After my recent dive into Peter Pan’s history i was so looking forward to this.
And i can happily say it was everything, and more, than i hoped it would be.
Everything in the sense that it was up there with at the level of ‘Alice’, but instead of the violent schizo escaping from a high security mental hospital, rapidly withdrawing from her anti-psychotic meds leading to a total psychotic meltdown while running around town with a mad axeman on a murder spree, this one’s delving into the realms of psychopathy. Of course, like ‘Alice’ you can just read it as a straight forward story and not get too into the mental health side of what’s going on, but it’s all there if you want some depth to it. Christina is one brilliant writer.
That’s everything i hoped it would be, the more than i hoped it would be was the similarity between Peter Pan and his Island and a person and place i found myself in several years ago. It was at times quite disturbing in how similar it all was, to really understand how the protagonist, Jamie, felt and to be able to put myself in his place, because i’d found myself in a very similar situation with a very similar person. But as much as it was disturbing it was so because it was so incredibly cathartic and i’m really pleased to have had the experience of reading this book, so thank you Christina for that as well.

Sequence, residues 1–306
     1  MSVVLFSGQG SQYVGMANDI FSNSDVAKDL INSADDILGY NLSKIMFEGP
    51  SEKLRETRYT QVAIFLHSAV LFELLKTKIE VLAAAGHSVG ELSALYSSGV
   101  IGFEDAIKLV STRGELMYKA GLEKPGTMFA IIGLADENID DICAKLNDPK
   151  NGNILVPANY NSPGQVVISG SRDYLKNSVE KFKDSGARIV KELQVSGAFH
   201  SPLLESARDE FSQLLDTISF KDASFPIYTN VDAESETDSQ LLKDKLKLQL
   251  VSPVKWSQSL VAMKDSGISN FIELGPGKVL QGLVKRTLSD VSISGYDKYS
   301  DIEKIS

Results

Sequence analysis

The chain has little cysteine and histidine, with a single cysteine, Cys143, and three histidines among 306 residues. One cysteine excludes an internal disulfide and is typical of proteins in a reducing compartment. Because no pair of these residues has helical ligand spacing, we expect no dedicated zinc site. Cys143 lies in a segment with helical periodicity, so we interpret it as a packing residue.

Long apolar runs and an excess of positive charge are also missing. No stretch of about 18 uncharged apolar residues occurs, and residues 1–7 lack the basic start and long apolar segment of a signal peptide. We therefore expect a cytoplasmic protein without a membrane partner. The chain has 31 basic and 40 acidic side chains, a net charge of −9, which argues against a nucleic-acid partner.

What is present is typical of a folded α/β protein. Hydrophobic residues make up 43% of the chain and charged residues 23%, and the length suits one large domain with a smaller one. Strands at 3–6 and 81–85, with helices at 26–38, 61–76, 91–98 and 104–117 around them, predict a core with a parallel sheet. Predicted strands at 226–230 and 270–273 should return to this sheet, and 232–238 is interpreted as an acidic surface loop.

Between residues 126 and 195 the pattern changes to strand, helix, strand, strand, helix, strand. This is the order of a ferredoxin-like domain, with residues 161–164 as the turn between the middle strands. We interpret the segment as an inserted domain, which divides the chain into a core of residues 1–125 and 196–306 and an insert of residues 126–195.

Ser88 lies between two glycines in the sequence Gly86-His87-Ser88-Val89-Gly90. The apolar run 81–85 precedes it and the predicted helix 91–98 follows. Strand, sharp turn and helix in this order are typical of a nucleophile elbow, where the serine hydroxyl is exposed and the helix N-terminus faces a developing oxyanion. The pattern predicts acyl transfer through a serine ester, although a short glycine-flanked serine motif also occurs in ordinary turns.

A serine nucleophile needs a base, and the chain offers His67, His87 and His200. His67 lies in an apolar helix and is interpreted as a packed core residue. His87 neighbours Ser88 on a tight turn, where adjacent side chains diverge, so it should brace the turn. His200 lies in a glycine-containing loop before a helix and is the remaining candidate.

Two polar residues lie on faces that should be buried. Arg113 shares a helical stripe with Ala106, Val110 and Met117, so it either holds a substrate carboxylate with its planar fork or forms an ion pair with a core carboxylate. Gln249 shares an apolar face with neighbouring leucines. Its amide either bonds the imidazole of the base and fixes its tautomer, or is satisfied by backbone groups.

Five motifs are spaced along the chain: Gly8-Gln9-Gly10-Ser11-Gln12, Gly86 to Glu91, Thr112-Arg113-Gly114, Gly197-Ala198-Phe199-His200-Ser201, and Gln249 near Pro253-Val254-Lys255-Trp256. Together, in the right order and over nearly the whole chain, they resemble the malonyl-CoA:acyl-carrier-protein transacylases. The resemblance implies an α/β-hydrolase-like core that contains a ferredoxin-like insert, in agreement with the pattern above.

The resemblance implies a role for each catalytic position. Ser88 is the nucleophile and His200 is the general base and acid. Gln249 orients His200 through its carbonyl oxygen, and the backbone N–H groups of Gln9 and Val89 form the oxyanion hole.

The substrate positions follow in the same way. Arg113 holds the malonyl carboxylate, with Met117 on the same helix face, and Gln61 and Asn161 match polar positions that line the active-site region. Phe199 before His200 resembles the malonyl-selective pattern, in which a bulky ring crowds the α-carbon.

On top of all that, i certainly felt it showed respect for J.M. Barries’ work, and built on that really well giving it all a whole new dimension to consider, one only hinted at in the original works, and i definitely recommend reading those three original books by James before embarking on this one — although this can be read as stand alone if you so wish, i just feel you’d be missing out a great deal by doing so.
For now though, this brings an end to my current Peter Pan binge, but i’m sure i’ll be back to Neverland in the future, there’s just too much been written around the original story for me to ignore for long.